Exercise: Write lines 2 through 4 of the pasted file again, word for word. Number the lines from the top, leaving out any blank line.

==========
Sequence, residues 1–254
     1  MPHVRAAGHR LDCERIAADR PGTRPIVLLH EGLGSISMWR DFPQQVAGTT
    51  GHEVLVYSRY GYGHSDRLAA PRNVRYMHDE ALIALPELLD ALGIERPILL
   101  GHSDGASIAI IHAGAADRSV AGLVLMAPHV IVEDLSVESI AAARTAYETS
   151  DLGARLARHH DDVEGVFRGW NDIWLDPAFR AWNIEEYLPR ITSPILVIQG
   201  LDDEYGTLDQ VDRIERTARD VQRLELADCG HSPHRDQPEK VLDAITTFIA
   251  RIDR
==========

     1  MPHVRAAGHR LDCERIAADR PGTRPIVLLH EGLGSISMWR DFPQQVAGTT
    51  GHEVLVYSRY GYGHSDRLAA PRNVRYMHDE ALIALPELLD ALGIERPILL
   101  GHSDGASIAI IHAGAADRSV AGLVLMAPHV IVEDLSVESI AAARTAYETS